1543 : Mississippi River battleEdit

Small prehistoric canoe on display at the Winterville onsite museum

They spent the winter of 1542-1543 building a small fleet of seven "bergantines", or pinnaces, to attempt the river route to the Gulf of Mexico and on to Mexico. Once the spring floods had abated, they headed down the Mississippi River on July 2, 1543. After sailing for several days, the expedition came upon a great fleet of over one hundred war canoes. Made from enormous hollowed-out cypress logs, the larger canoes were big enough to seat 60 to 70 passengers. They had ranks of seated paddlers, 20-30 per side, with a standing warrior armed with bow and arrows stationed between each one. Some of the larger canoes were also color coded, with the canoes, oars, and the clothing and weaponry of the crew all painted the same color. Although many of the canoes were not this large, their crews still moved with precision, speed, and skill. Seated in several of the great canoes were the fleet commanders, chiefs with awnings to shade and protect them from the sun, one of them possibly Quigualtam himself.[5]

Under the pretense of negotiating, the canoes attacked the Spanish. Over the course of the running battle, eleven Spaniards were killed and many more wounded as the expedition fled downstream. The war canoe crews chanted war songs, whose rhythm and speed set the speed of the paddling of their craft. The songs glorified their prowess in battle and extolled their courage. The songs also lambasted the Spaniards as cowards and thieves who would soon perish; that on land their corpses had been food for dogs and birds and that on the river they would feed the fish. The songs frequently mentioned the name of their great chief Quigualtam and ,at the end of each song, the singers would give a great shout of triumph. The Spaniards no longer had long-range offensive weapons. The gunpowder for their arquebuses had run out long before and the guns melted down to make nails for the boats; the limited number of crossbows had mostly stopped working as well. The Spaniards placed their armor and cane matting around the boats gunwales to protect from the arrows. The Native Americans began arcing their arrows into the air so they came straight down and injured more of the Spaniards. The fleet chased them for several days, rarely letting up on their attack on the Spaniards.[5]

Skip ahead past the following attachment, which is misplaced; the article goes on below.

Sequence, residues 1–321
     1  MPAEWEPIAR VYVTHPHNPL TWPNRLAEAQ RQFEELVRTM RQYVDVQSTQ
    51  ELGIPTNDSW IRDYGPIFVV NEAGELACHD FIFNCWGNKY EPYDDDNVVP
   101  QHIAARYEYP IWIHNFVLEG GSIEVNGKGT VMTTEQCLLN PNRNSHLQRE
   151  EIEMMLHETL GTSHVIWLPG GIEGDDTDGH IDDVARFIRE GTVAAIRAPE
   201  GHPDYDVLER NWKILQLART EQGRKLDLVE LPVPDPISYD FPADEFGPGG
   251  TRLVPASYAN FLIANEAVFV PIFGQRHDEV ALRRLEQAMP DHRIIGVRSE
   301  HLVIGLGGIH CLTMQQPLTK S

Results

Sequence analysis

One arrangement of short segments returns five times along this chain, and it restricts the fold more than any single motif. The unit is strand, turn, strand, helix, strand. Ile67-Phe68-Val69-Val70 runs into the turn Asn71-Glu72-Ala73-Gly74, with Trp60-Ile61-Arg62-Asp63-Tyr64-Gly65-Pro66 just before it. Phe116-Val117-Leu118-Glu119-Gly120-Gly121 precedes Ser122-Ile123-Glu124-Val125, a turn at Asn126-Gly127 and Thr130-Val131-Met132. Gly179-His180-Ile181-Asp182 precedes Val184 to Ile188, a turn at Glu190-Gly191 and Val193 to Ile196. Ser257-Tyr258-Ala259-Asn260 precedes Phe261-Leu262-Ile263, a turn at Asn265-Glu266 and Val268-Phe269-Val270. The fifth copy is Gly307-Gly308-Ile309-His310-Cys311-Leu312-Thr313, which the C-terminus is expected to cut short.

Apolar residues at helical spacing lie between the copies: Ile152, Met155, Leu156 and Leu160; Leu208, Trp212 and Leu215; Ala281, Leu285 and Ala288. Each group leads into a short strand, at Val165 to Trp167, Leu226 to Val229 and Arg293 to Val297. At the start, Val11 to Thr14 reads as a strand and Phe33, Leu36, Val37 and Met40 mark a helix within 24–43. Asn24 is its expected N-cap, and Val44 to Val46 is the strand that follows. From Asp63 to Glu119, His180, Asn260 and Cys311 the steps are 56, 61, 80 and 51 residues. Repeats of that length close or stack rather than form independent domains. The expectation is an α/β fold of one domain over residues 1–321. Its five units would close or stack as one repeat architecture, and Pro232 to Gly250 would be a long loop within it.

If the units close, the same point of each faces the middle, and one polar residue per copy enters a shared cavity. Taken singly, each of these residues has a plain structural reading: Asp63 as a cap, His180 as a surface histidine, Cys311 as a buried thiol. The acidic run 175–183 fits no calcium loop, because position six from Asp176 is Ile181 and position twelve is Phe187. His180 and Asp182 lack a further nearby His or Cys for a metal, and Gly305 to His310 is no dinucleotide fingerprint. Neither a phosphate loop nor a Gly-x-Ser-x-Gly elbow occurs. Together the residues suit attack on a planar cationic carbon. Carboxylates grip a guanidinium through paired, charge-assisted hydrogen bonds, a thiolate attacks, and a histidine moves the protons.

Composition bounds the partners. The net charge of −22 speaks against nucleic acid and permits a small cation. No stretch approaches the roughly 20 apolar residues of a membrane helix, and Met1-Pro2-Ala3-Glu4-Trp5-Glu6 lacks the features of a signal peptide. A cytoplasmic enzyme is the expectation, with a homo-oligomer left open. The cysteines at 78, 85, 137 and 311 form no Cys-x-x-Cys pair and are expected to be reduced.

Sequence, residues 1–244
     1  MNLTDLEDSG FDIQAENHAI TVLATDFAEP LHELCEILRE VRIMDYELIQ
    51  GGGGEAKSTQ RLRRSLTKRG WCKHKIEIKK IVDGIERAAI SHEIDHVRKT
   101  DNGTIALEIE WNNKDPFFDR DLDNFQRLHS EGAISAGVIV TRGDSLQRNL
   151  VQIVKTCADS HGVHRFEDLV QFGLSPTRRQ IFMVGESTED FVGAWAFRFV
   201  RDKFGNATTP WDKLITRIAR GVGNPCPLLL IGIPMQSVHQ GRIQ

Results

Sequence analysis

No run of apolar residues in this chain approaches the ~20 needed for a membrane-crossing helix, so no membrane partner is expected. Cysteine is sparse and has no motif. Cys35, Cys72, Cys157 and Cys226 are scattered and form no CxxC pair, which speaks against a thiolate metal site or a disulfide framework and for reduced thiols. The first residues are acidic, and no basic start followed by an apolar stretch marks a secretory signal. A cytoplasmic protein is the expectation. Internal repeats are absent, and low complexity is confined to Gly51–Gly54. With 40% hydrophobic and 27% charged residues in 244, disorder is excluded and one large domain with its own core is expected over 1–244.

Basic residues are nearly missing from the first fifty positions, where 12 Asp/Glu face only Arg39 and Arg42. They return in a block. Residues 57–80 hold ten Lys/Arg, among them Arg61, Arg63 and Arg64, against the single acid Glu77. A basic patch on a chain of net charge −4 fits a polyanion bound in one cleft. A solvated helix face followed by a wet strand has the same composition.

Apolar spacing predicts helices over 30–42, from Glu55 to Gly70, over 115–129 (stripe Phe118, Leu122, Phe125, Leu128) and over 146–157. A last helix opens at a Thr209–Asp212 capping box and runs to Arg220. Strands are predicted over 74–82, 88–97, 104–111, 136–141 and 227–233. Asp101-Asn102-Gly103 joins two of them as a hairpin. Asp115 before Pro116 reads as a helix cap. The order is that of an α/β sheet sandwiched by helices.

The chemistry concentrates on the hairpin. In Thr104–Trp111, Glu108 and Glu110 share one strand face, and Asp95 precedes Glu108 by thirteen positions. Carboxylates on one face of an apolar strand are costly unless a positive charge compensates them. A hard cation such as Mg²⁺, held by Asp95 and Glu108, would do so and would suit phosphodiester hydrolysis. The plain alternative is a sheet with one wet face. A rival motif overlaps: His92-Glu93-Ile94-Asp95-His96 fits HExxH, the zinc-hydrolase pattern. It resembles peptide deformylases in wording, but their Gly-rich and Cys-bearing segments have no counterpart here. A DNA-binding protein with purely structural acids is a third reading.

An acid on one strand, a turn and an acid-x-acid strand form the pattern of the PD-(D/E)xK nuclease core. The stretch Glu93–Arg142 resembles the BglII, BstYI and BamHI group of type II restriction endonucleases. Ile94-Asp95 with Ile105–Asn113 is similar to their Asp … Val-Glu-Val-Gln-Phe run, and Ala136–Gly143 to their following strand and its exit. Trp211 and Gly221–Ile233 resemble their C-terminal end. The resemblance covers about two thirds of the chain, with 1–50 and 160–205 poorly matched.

On the third day, the Spanish reached the edge of their attackers' territory. The war fleet turned around and headed back upriver, continuing to chant and shout the name of their leader. Within a day the expedition encountered another fleet of canoes belonging to a powerful but unnamed chiefdom. These warriors also gave chase downriver for several days until the foreigners had left their territory. After one more encounter with a small native group near the coast, the expedition finally made it to the Gulf on July 16, 1543, a few weeks after they had left Guachoya.[5]

Proposed identificationsEdit

Various scholars have proposed and debated the identities of Quigualtam and the unnamed chiefdom and the exact locations of their polities. Historian Charles M. Hudson has suggested that Quigualtam was centered on the area surrounding the Holly Bluff or Winterville Sites in the lower Yazoo Basin. Archeologists believe that these two large Plaquemine culture sites had been abandoned by this time; the capital of the polity had probably shifted to another of the numerous sites within its territory.[2][1]

Other scholars have proposed the Glass Site and Emerald Mound as possibilities for the two polities. The Glass Site is on the flood plain between the Mississippi River and the Natchez Bluffs, approximately 9.5 kilometres (5.9 mi) south of modern Vicksburg. It was on the northern edge of the Emerald Phase (1500 – 1680) of the protohistoric Natchez chiefdom. During this period, its capital was located at the massive Emerald Mound near modern-day Stanton, Mississippi.[6] These two sites were the only major ceremonial centers on this stretch of the Mississippi River occupied during the protohistoric period from 1500 to 1650 CE.[2][6] Since the Spaniards never made it ashore to leave archaeological evidence of contact with these two groups, their exact identity will probably never be determined with certainty.

No further recorded European contact with the indigenous people in this area occurred for almost 140 years, until the first French explorers reached the area in the 1680s. By the historic period, power had shifted within the Natchez polity from Emerald Mound to the Grand Village of the Natchez, and the Glass Site had also been abandoned.[7][8][9][10]